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Disclaimer. CSUSB and the CS Dept have no responsibility for it.
This is a Beta Version, read at your own risk.
Copyright. Richard J. Botting(Sun Jul 6 10:03:45 PDT 2003). This paper is being developed for publication. Permission is granted to quote parts of it as long as the source is acknowledged and the author informed.

Contents (index)

    Most Software should be Open Source

    Requirements for a Democracy

    Lincoln described a democracy as the government of the people, by the people, and for the people. How can a computerized democracy meet these requirements? Ted Nelson's "Computer Lib" expressed one criterion. He wrote "You can and must learn about computers, now." He stressed the danger of the computer being used as an excuse for oppression. Seymour Papert created Logo so that children would learn to program rather than learning to be programmed by others. Both argued that everybody must become computer literate. Another requirement is universal access to the technology. The USA government is now debating universal access.

    Computer literacy and universal access is a necessary condition for a cybernetic democracy. It is not sufficient. The democratic answer to "Who watches the watchers" is "We all do." Democratic procedures and decisions need review. In an automated system, software expresses the procedures and decisions. In a democracy, the source code must be open to review. So, the Open Source movement points the way to democratic software.


    Some people will object to my proposal for open government source code. I will tackle some objections next. First, open code is orthogonal to political arguments about how much government is desirable. Open Source is a principle of democracy because the people have the right to criticize their government. Second, open source code should not breach personal privacy. Source code is not the data. It describes how to classify and process the data. Democratic policies must not refer to individuals. For example, no democratic act should double the taxes of the individual with identifier 123-45-6789. If government software did this, it is wrong. Government source code must be free of personal data. So, individual privacy does not stop the publication of source code.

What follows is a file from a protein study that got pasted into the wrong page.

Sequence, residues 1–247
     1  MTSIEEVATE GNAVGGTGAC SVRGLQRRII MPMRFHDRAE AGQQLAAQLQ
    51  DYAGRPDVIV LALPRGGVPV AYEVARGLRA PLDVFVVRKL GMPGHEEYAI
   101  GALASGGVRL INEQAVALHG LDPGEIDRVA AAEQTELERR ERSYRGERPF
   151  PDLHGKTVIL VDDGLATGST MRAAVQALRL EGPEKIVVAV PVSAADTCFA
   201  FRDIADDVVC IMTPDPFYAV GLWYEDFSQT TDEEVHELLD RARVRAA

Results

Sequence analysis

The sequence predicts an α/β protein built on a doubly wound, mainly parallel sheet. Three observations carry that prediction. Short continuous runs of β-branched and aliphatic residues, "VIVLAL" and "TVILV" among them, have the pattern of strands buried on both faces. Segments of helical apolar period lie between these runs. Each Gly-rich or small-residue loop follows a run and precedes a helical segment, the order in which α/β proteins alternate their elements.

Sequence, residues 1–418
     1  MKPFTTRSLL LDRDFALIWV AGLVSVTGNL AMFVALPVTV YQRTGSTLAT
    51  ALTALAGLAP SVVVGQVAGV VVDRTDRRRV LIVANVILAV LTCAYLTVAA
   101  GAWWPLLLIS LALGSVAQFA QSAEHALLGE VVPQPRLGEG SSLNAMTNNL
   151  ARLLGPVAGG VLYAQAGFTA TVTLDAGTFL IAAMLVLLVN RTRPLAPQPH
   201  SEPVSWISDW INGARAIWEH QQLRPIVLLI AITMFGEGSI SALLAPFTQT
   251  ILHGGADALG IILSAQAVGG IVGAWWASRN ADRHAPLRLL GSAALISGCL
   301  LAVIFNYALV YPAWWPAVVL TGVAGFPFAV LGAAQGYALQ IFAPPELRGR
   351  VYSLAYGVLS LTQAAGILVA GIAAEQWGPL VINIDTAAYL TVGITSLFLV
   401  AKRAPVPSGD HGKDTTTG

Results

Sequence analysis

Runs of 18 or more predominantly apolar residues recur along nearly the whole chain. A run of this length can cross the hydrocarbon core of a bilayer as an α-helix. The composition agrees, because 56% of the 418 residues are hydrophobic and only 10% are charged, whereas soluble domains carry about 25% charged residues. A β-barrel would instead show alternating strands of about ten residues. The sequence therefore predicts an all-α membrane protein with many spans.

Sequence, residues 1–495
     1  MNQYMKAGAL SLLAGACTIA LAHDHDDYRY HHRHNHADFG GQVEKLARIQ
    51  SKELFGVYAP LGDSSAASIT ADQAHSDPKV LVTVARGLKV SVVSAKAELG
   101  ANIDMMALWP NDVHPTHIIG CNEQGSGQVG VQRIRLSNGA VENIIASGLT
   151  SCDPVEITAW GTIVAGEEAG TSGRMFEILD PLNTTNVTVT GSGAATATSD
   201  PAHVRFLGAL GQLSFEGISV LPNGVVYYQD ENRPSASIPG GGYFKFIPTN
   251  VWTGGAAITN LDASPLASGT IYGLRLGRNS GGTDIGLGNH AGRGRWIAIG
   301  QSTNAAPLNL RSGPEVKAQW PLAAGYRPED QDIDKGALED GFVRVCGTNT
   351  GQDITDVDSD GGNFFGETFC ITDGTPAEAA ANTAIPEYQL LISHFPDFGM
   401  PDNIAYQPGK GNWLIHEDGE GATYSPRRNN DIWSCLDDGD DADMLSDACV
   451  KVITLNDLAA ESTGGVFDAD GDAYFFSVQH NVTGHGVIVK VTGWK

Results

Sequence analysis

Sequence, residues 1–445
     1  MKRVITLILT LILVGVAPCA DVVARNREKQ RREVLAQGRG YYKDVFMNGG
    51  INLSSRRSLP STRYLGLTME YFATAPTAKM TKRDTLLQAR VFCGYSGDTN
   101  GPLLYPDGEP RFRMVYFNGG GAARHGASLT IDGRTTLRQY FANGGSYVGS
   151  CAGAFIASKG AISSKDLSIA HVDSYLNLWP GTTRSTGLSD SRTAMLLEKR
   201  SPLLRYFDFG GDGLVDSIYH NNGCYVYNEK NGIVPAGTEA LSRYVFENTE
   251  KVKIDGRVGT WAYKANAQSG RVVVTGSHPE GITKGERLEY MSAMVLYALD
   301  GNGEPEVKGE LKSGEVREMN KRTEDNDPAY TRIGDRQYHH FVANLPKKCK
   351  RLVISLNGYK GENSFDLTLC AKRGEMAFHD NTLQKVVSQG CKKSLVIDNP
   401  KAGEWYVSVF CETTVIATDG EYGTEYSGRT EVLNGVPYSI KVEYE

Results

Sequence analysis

I see no technical problem with making copies of source code available to the public. Source code is in the MIME plaintext family of codes and so compatible with the HyperText Transfer Protocol. Government agencies can easily place copies of the code on the World Wide Web. Anyone with a simple browser in a public library can then read these files and form an opinion about whether they can trust them.

    Criminals may want their work to be hidden. Tests cannot show that a program is correct. Suppose I change the software that selects people for a tax audit so that my number never comes up. Nobody is likely to find this out by testing the system! Peer reviews efficiently detect errors like this in industry. Code review is a tool of the Open Source movement. Peer reviews are even part of the academic life. In a democracy, the people are the peers.

    Elitist programmers may argue that normal people cannot understand their code. However, I have found that all kinds of people can understand computers. Most can learn to understand code. Many discover the pleasure of finding errors and mistakes in it. When people review my code, "dumb questions" expose my worst bugs. The Open Source movement put it like this: "All bugs are shallow if sufficient eyeballs look at the code." In other words, "A bug can hide from some of the people all of the time and all of the people some of the time, but not all of the people all of the time." Code that we cannot understand needs fixing!

    Risky projects in particular should have thousands of critics looking at the code. I want to study the code of an x-ray therapy machine before submitting myself to it. Perhaps I should have the right to look at my bank's source code to see if a Y2K bug will wreck my account.

    Things that should be Hidden

    So what might remain hidden? There are only three reasons for secret source code: trade secrets, national security, and personal privacy. Data encryption keys may be hidden, but encryption algorithms may hide biases and bugs. Perhaps we should not expose the authors of software to public revenge. Thus, the names of programmers and encryption keys might be the only parts of open software that remains secret.

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